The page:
Discoveries: The students have an excellent knowledge now of how to use spaces and firm ideas about the design of this new space. It was great on the first day, when the students were asked to find somewhere to work, they immediately spread out throughout the whole area. They had lots of ideas for our furniture choices.
About myself - I have struggled not having "my stuff" close by. We still have most of our things in boxes until we get storage and it's a pain!!
Wonderings: I still don't like the way tote trays and bag storage take up SO much of the learning space. At the moment we have bags stacked all over the floor. Eventually we will have cubes for them. We had hoped to maybe have bags outside, but too costly as we would have to weather proof. It seems such a waste! Would love to have some better ideas than tote trays. I have seen some schools use containers, but even they take up a lot of room. Will keep thinking!
Stay tuned for Part 2, when the kids choices arrive.
Libraries have been coming up a lot for me lately! Firstly, at school I spent a couple of afternoons moving our library into a room off our hall, to make way for our rapid student growth. I'm actually a little jealous, as now our library is home to two of our new entrant classes and it makes a wonderful collaborative space. In the short term, our library will be housed in our drama room. Meanwhile, we are looking at creative ways of keeping our library as a hub in our school. Stay tuned!
Then in the holidays, I visited the new library that has been built in Lincoln, a community about ten minutes away and part of our Selwyn Council network of libraries. I loved the space and creative use of furniture. The day I visited, the library was buzzing with members of the community involved in various activities. ( See slideshow below.)
My mother is now a primary school librarian, having spent the majority of her career as a high school librarian. She passed on to me the latest issue of " Collected" magazine, the magazine of the School Library Association of New Zealand Aotearoa. This issue focuses on modern learning environments, the role and place of the library and librarian.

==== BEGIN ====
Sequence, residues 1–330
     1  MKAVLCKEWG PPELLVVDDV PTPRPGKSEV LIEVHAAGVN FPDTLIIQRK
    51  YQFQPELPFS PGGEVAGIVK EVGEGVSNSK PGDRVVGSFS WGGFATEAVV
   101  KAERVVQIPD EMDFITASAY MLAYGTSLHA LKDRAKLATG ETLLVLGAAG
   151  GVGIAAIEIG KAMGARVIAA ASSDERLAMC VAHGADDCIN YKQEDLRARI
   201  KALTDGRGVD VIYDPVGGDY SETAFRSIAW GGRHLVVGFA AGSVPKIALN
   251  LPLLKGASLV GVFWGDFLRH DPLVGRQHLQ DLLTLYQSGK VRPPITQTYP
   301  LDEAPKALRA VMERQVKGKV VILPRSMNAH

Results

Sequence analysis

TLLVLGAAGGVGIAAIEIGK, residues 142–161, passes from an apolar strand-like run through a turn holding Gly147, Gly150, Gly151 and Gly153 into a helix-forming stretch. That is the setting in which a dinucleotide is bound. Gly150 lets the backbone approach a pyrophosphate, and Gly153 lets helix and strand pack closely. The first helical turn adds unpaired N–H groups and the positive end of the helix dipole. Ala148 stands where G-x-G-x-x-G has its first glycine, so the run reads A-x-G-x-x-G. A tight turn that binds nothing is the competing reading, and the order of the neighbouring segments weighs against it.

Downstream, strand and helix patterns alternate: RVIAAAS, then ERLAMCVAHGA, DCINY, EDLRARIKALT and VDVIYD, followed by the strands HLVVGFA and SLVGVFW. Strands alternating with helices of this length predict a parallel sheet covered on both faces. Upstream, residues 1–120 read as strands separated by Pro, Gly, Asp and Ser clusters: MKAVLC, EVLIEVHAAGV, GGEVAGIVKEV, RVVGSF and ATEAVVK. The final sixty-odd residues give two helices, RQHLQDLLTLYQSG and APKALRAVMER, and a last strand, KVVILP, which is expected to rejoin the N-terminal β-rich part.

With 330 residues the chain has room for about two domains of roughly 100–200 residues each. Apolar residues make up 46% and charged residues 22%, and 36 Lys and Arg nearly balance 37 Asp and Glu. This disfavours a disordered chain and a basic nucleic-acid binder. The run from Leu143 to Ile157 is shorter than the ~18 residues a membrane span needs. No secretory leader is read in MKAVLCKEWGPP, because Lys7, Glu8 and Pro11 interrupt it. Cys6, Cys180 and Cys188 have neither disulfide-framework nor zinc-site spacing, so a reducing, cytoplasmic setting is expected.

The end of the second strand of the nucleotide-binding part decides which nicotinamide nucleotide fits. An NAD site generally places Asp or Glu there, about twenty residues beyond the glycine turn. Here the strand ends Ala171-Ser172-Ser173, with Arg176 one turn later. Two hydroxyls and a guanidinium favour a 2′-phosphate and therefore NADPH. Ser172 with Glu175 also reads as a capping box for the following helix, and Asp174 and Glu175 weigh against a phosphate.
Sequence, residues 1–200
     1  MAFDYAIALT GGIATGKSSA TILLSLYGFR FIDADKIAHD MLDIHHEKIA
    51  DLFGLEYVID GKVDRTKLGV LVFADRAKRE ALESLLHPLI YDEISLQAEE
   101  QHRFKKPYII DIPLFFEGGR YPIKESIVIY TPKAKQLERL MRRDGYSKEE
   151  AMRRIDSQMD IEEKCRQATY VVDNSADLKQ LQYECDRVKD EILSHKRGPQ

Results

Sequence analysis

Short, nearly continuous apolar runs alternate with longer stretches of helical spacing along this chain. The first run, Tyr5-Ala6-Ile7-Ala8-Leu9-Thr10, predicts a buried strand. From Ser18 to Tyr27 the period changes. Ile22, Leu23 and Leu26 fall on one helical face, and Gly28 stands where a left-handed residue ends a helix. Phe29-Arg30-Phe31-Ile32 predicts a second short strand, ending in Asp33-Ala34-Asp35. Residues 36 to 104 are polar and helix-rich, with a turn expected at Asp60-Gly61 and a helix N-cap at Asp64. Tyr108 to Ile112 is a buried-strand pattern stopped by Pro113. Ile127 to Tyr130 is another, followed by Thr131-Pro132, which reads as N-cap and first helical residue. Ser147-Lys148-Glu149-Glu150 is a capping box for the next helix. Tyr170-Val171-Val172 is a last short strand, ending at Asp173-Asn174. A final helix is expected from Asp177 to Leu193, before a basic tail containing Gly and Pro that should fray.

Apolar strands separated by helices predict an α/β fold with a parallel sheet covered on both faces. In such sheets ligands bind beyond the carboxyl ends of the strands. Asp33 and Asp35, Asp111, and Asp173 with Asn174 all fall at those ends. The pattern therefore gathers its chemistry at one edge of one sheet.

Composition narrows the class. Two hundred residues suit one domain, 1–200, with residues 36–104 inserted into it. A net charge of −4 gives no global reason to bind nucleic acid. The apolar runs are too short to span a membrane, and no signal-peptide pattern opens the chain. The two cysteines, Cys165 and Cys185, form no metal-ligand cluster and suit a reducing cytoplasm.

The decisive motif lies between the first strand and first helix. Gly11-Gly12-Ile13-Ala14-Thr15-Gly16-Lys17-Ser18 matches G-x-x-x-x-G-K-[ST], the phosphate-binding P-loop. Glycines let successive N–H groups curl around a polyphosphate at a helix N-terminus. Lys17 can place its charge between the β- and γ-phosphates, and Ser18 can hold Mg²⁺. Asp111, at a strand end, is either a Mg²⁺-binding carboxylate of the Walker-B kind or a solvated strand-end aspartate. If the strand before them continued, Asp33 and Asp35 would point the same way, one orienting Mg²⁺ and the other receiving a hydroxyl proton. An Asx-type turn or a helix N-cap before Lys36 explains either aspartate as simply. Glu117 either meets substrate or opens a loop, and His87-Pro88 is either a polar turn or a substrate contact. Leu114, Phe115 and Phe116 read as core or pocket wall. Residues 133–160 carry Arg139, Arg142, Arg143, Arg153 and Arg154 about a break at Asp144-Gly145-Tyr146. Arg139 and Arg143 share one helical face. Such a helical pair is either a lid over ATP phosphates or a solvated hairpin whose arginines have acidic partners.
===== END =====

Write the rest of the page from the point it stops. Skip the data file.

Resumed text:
So I felt that the universe was sending me a sign that it is about time for a library post!
After reading through the " Collected" issue it became apparent that librarians and libraries are facing major challenges. They are looking at a major redefinition of their role and place within education. I thought I would summarise the main messages, though recommend reading the whole magazine here if you wish.
Lisa Salter, Communications Leader had this to say; "I can be a librarian wherever I am, I don't need a library to identify myself. A traditional librarian was connected to a place, librarian = library. Now a library is a state of mind; physical, digital, social, communal. Adapting has become one of our specialties." As many schools ponder the need for a traditional library space, Salter points out that schools without libraries are in even more need of an experienced librarian. " An MLE must enable itself to provide modern approaches to inquiry learning and in doing so must rely on advice from information professionals in planning and practice."
Bridget Schaumann, SLANZA President urges schools to make their libraries spaces for literacy, discovery and inquiry. Paula Eskett and Janet McFadden of National Library encourage rethinking restrictive practices, what has been "always done" and putting user's needs first. They urge schools to develop MLLE's ( Modern Learning Library Environments) where "print and digital resources meet…..creating user driven, proactive, constantly evolving participatory spaces that support and reflect the education world all educators are now part of."
Quoting the fabulous Christian Long - "The focus of innovative learning spaces is never about the building. It's what the building enables users to do."
Mark Osborne of Core Education outlines ways in which libraries are evolving - service centres for digital citizenship and information literacy, gallery spaces, community hubs and storehouses for valuable resources. He challenges schools to ask, "How might the library act as a 'third place' to provide unique, compelling and engaging experiences for staff, students and community that aren't offered elsewhere."
How is your school using their library? How do we ensure that we maintain all the tradtional "good" things that libraries brought to education, while developing them into vibrant, vital, flexible hubs of learning?
My name is Ngaire Shepherd-Wills. This website is a record of my TeachNZ sabbatical, Term 2, 2013 and then I have continued to share my wonderings and discoveries about Innovative Learning Practices. I now work for CORE Education. Views are my own.